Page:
Nikephoros I or Nicephorus I (Greek: Νικηφόρος Α΄, "Bringer of Victory"), was Byzantine Emperor from 802 to 811 AD, when he was killed in the Battle of Pliska.
A patrician from Seleucia Sidera, Nikephoros was appointed finance minister (logothetēs tou genikou) by the Empress Irene. With the help of the patricians and eunuchs he contrived to dethrone and exile Irene, and to be chosen as Emperor in her stead on October 31, 802. He crowned his son Staurakios co-emperor in 803.
His rule was endangered by Bardanes Tourkos, one of his ablest generals, who revolted and received support from other commanders, notably the later emperors Leo V the Armenian and Michael II the Amorian in 803.
But Nikephoros gained over the latter two, and by inducing the rebel army to disperse achieved the submission of Bardanes, who was blinded and relegated to a monastery. A conspiracy headed by the patrician Arsaber had a similar issue.
By withholding the tribute which Irene had agreed to pay to the caliph Hārūn al-Rashīd, Nikephoros committed himself to a war against the Arabs. Compelled by Bardanes' disloyalty to take the field himself, he sustained a severe defeat at the Battle of Krasos in Phrygia (805). In 806 a Muslim army of 135,000 men invaded the Empire. Unable to counter the Muslim numbers, Nikephoros agreed to make peace on condition of paying 50,000 nomismata immediately and a yearly tribute of 30,000 nomismata. With a succession struggle enveloping the caliphate on the death of Hārūn al-Rashīd in 809, Nikephoros was free to deal with Krum, Khan of Bulgaria, who was harassing his northern frontiers and had just conquered Serdica (Sofia).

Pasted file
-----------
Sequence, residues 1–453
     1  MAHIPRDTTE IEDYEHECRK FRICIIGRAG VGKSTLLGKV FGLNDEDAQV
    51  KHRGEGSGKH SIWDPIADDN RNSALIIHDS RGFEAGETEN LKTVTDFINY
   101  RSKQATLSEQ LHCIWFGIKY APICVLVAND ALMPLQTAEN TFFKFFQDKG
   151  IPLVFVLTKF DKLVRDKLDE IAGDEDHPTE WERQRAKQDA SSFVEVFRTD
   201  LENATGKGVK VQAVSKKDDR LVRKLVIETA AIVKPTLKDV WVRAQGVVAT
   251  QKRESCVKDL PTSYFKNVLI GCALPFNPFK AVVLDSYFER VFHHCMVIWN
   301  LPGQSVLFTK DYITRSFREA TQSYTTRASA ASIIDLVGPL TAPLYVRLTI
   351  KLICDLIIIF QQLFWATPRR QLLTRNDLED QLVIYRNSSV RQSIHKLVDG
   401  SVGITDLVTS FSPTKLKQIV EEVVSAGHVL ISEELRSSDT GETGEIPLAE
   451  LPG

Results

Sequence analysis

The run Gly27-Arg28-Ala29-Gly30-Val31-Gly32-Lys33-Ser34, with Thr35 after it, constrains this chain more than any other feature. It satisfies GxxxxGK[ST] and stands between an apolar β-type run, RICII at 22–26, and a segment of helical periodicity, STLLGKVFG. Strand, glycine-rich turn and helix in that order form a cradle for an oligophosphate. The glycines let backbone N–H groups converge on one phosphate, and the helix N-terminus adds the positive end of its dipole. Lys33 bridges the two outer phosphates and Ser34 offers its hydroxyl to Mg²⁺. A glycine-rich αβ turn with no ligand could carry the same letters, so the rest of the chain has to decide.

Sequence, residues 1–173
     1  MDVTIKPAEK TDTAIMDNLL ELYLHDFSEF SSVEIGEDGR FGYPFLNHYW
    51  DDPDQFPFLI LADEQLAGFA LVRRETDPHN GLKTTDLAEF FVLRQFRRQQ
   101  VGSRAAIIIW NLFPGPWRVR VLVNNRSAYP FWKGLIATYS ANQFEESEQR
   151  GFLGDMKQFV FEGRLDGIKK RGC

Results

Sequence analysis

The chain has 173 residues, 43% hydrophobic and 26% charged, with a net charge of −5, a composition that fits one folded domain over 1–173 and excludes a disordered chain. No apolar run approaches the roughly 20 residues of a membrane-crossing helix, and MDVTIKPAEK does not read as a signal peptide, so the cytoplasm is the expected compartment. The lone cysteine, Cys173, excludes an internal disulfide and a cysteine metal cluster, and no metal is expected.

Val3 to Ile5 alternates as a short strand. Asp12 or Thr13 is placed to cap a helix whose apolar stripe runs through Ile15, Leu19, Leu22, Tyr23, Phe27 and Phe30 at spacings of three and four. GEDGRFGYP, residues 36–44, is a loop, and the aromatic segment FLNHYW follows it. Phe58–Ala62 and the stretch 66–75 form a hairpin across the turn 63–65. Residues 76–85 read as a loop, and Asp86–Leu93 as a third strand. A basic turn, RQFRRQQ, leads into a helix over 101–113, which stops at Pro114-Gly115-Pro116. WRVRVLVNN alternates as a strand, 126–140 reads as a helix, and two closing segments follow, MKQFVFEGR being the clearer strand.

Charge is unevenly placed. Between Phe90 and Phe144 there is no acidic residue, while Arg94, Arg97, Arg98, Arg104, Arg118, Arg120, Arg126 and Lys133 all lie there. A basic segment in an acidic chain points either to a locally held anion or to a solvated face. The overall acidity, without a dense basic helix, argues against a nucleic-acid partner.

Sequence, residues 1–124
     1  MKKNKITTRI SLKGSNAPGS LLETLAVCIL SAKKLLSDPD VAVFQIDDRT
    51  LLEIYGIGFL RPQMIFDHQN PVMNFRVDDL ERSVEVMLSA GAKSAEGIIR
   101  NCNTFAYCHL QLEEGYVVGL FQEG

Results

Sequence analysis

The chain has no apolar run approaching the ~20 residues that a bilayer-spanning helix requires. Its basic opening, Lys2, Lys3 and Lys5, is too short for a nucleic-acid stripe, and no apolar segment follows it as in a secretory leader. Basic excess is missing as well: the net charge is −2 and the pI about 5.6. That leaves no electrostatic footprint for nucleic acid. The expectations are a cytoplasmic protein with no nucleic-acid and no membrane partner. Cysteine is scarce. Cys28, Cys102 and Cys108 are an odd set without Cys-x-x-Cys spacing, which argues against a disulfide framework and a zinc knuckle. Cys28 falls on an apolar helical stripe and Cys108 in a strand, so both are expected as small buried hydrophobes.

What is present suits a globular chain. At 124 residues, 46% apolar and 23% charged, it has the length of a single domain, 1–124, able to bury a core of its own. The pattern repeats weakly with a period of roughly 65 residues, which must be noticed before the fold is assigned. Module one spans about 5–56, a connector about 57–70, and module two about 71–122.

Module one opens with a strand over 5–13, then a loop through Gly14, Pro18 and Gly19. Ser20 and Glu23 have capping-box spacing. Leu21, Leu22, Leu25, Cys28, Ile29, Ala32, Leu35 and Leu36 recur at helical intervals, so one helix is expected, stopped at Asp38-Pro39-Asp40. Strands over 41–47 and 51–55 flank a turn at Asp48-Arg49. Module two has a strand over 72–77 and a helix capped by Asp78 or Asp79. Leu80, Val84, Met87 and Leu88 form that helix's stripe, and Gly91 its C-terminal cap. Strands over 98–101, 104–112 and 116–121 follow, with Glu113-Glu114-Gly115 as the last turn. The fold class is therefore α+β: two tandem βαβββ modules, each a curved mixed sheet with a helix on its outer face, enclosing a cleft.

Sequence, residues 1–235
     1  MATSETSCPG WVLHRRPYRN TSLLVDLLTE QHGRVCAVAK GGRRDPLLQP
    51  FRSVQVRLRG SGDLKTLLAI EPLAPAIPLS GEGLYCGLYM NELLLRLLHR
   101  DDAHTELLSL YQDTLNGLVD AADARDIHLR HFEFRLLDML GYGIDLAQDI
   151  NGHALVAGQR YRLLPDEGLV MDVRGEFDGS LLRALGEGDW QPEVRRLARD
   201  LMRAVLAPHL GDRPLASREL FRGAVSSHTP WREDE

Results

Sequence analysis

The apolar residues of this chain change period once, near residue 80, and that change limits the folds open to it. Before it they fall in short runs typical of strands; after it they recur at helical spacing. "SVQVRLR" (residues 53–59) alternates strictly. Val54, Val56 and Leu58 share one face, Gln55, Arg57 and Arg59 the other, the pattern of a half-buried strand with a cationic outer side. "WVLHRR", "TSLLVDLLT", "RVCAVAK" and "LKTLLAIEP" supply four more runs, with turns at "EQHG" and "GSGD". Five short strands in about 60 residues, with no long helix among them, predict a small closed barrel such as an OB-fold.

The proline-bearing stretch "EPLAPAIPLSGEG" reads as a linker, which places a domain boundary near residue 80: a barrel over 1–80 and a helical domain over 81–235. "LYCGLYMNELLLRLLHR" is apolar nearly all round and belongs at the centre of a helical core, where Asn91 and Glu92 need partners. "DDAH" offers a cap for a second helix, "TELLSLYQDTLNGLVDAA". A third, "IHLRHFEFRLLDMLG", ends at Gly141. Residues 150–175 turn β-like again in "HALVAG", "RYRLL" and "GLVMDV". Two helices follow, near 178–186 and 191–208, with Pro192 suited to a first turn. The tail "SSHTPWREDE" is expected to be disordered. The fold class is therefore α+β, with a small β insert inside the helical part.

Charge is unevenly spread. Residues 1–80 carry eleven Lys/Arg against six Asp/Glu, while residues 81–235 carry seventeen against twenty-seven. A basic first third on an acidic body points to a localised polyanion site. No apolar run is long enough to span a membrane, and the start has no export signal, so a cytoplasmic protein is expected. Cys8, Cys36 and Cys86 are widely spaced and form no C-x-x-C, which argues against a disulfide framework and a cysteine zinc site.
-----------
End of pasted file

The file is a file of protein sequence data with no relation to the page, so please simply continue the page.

In 811 Nikephoros invaded Bulgaria, defeated Krum twice, and sacked the Bulgarian capital Pliska; however, during Nikephoros' retreat, the Byzantine army was ambushed and destroyed in the mountain passes on July 26 by Krum. Nikephoros was captured during the battle and sent to Pliska, where Krum ordered his decaptitation. Krum is said to have made a drinking-cup of Nikephoros' skull.